Additional funding recommended for C'bean destinations post COVID-19

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Additional funding recommended for C'bean destinations post COVID-19

Monday, July 06, 2020

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WASHINGTON, United States (CMC) — A study on the impact of the coronavirus (COVID-19) on the member countries of the Caribbean Tourism Organisation (CTO) has recommended that additional sources of funding must be established to help the regional tourism sector withstand future crises.

The study by the George Washington University International Institute of Tourism Studies (GW IITS) and the Barbados-based CTO, examined the effects of COVID-19 on national destination management and marketing organisations in CTO member countries and their early responses to the global pandemic.

The survey found that COVID-19 affected the financial health of the tourism organisations, with nearly of all of those polled either had, or expected, cuts to their operating budgets.

“This is an ominous signal,” the report noted, calling for advocacy on behalf of the destination organisations for financial support in order to remain strong and help to lead tourism's recovery and rebuilding efforts.

It also said these entities would have to find creative ways to do more with less, especially with regards to marketing.

“Moving forward, destination organisations will need to consider how to diversify their funding sources, which are mainly based on lodging and cruise taxes, to ensure that they can withstand future COVID-19 waves and future shocks to the tourism industry,” GW IITS recommended.

At the same time it said the tourism bodies needed to remain vigilant and advocate for continued support to tourism businesses if these businesses are to survive.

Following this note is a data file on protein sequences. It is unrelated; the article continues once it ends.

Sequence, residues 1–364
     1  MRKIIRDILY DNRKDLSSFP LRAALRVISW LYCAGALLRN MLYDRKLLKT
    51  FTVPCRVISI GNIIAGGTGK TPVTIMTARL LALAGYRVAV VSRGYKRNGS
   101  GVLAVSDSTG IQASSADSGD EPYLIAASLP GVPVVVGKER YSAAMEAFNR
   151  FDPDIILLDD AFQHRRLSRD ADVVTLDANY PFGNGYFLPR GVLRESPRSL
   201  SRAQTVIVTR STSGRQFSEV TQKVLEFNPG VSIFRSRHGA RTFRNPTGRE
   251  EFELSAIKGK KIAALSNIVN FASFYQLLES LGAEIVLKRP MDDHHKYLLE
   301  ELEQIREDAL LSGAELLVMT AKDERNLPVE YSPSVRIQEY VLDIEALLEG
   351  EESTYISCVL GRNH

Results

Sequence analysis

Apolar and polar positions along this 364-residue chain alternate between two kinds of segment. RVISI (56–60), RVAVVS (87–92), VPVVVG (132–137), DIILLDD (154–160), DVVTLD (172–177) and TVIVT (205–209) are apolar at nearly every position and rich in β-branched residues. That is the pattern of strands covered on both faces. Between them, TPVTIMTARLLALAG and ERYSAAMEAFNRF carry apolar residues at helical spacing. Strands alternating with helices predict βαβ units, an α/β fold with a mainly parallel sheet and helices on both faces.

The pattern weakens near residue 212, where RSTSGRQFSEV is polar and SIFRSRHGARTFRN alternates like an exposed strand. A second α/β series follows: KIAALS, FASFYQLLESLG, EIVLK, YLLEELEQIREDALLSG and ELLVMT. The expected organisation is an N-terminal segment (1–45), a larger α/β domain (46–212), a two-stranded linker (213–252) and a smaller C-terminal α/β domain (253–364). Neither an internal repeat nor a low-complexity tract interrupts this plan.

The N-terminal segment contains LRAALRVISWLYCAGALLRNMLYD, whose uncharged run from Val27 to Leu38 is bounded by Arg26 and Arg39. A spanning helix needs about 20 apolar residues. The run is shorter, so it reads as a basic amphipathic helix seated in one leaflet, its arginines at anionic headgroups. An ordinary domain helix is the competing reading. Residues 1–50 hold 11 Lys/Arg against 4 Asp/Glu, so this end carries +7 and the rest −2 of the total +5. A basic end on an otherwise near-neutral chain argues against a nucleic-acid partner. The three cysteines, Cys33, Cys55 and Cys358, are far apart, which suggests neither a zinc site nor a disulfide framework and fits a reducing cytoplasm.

“Without sustained financial assistance, tourism businesses that are operating at less than full capacity will be challenged to remain in business through 2020,” the report stated.

In addition to funding, the report also stressed the need for effective crisis management and communications among the immediate steps needed to recover from the economic fallout of COVID-19 and its impact on tourism.

“It's essential that destination organisations act now to work with local governments and businesses to find ways to create public and private partnerships that will benefit all parties involved, from hotels, tour operators and restaurants to local residents and tourists—immediate investment is urgently needed,' said Seleni Matus, GW IITS' executive director.

The online survey, designed and analysed by GW IITS, was conducted between May 6-22 and involved the CTO's 24 member countries.

The GW IITS also inventoried tourism destination actions from mid-March to early May on mobility, economic relief, destination management and community support, crisis communication and destination marketing.

The university also reviewed the websites and social media channels of various destination marketing organisations, industry associations and destination consumer-facing websites to better understand the tourism industry's response to COVID-19, and it compiled data on mobility and economic relief from various secondary sources.

Forty-three countries in the greater Caribbean, including CTO's 24 member countries, were included in this component of the research.

Meanwhile, the Massachusetts-based Authentic Caribbean Foundation, Inc. (ACF) says it will host the second part of its “Caribbean COVID-19 Update” discussion forum on the re-opening of Caribbean states, featuring envoys from several regional countries.

The foundation said that the Zoom Town Hall meeting on Tuesday “will focus on what reopening will mean to Caribbean states against the background of the COVID-19 pandemic as they seek to balance lives and livelihoods”.

The forum will also explore the impact on the Diaspora.

“Foremost on the mind of the Diaspora interests are the level of engagement and action needed to provide support and resources where needed, and how to mobilize these resources,” it said, adding that the panel will also examine issues around youth development, food security and the trade of Caribbean goods in the state of Massachusetts and across the wider United States.

Among the envoys slated to participate in the event are Sir Ronald Sanders of Antigua and Barbuda, Jamaica's Audrey Marks, Sidney Collie of the Bahamas; Noel Lynch of Barbados , and Yolanda Smith of Grenada.

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